The overall prevalence of peripheral arterial disease (PAD) in the United States, across all ethnicities, is estimated to range from approximately 2% in persons 40 to 49 years of age to 20% or higher in persons older than age 80 years.21 Rates of PAD vary by ethnicity and gender, however; African-American men demonstrate two- to threefold greater rates than white men, whereas women demonstrate lower rates than men of their ethnicity (Table 19-1).21,22 Likelihood of amputation increases with the number of risk factors for PAD an individual has. Risk factors include history of smoking (especially if currently smoking); untreated or poorly managed hypercholesteremia; untreated or poorly managed hypertension, obesity (body mass index >30); diabetes mellitus, kidney dysfunction (glomerular filtration rate <60 mL/min), and chronic inflammatory response (elevated high-sensitivity C-reactive protein >30 mg/L).23 Significant morbidity and mortality is associated with PAD: It is estimated that one in four individuals with PAD undergoes some form of amputation, one in three will likely die within 5 years of diagnosis, and only one in four will survive more than 10 years after diagnosis.24,25 Comorbid conditions that amplify risk of death in the year following PAD-related amputation include congestive heart failure, renal failure, and liver disease, as well as postoperative systemic sepsis.26 PAD is a significant health care issue, impacting not only on the quality of an individual’s life, but also on ever-increasing health care costs.27,28

There are three reasons an individual might require revascularization or amputation of the lower limb because of underlying disease processes: (1) they have significant, often acute, occlusive atherosclerotic vascular disease but without neuropathy or diabetes; (2) they are without significant vascular disease but have neuropathy-related wounds that may lead to osteomyelitis; and (3) they have diabetes with a combination of vascular disease and sensory, motor, and autonomic neuropathy.29,30 The management and prognosis for each of these groups are somewhat different. Vascular bypass surgery,31 percutaneous endovascular stents,32 or the use of thrombolytic intervention33 may preserve the limbs of those with large-vessel vascular disease without neuropathy. Recent reports suggest that intramuscular injection of autologous bone marrow cells may decrease risk of amputation in persons with chronic limb ischemia who are not candidates for surgical revascularization, or when such surgeries are unsuccessful.34,35 Persons with a combination of diabetes and vascular disease are the most likely to require amputation; advanced age and multiple comorbidities (e.g., cardiovascular and cerebrovascular disease, kidney disease, and visual impairment) provide additional challenges for healing, early mobility after amputation, and the prosthetic rehabilitation process.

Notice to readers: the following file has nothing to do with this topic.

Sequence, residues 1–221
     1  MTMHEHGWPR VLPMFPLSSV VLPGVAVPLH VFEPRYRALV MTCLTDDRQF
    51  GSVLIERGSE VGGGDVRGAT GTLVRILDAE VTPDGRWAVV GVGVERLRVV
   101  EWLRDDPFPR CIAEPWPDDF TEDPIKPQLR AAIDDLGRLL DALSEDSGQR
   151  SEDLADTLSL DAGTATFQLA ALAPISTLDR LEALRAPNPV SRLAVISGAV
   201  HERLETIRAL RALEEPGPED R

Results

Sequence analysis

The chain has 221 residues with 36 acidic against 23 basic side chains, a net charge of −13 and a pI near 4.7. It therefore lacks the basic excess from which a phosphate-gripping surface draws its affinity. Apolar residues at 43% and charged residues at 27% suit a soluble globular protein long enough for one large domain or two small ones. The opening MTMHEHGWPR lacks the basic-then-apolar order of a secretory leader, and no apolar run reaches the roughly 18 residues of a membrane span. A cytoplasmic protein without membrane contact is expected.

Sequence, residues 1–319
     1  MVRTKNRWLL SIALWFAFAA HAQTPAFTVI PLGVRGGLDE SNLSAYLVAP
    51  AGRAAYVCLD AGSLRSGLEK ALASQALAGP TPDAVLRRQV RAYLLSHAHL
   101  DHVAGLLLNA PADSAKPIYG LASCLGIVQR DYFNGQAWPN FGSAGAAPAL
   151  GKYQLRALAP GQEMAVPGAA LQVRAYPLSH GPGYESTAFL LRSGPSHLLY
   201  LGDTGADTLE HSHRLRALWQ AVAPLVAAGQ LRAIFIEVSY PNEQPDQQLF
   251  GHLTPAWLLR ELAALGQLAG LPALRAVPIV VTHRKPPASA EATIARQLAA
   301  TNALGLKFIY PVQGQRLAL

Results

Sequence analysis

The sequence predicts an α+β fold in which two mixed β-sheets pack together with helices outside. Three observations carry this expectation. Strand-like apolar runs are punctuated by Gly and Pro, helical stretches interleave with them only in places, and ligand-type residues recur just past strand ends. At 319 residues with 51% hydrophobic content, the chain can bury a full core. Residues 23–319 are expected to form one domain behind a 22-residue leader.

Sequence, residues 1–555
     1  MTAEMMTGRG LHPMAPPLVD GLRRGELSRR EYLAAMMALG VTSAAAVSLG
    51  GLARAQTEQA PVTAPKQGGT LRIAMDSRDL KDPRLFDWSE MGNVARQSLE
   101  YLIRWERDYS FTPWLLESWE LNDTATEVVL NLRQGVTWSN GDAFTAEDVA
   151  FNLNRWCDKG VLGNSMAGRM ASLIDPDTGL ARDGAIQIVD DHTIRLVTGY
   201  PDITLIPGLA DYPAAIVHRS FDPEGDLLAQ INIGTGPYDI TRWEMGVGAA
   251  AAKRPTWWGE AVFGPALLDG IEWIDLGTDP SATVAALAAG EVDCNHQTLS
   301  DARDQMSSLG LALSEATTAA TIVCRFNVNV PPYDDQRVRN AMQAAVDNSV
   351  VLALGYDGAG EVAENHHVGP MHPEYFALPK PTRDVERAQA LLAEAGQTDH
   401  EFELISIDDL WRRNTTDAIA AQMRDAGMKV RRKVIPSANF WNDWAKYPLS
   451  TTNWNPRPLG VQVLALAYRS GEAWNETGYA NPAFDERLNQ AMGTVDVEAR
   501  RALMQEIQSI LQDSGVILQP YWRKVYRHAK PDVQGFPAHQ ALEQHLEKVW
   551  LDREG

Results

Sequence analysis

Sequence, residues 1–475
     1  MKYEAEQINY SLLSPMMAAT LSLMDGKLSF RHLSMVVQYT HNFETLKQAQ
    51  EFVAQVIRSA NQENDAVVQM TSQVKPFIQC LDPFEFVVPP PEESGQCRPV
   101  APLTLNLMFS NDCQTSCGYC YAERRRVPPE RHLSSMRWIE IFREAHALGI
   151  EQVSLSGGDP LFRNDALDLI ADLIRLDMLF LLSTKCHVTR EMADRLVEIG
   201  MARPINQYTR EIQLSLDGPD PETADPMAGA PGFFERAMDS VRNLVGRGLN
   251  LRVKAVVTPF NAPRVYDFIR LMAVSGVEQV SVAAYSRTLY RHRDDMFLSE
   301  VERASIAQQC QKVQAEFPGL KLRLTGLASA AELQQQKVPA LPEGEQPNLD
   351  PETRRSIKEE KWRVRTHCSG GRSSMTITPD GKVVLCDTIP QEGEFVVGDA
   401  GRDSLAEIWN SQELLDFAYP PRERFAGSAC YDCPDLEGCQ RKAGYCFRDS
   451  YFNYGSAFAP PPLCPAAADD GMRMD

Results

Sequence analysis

Conservative management with total contact casting or felted foam may be sufficient to heal a neuropathic ulcer (when there are no indications of osteomyelitis), and accommodative orthoses and protective footwear may protect the plantar surface of the foot in those with a healing neuropathic wound.36 Hyperbaric oxygen therapy and negative-pressure wound therapy also have been investigated as strategies to close neuropathic wounds and reduce risk of limb amputation in persons with chronic limb ischemia and diabetes.37,38 When neuropathic or vascular foot wounds become infected or osteomyelitis is evident, conservative management can be challenging, and amputation may be necessary.39

Because both vascular disease and neuropathic disease are typically symmetrical in distribution, individuals in all of these groups are at risk for compromise of both lower limbs. After amputation of one limb, careful monitoring of vascular status and skin condition and appropriate conservative care of the intact limb and foot are essential. This is especially true in the postoperative–preprosthetic period when there is single-limb ambulation with assistive devices, as well as in the months and years following initial amputation.40,41

For all of these individuals, clinical decision making must be informed by careful assessment of (a) vascular status to determine whether revascularization or amputation is warranted, (b) cardiovascular and cardiorespiratory function to determine the most appropriate type of anesthesia to use during surgery, and (c) cognitive and psychological status to assure proper perioperative and postoperative care and patient education.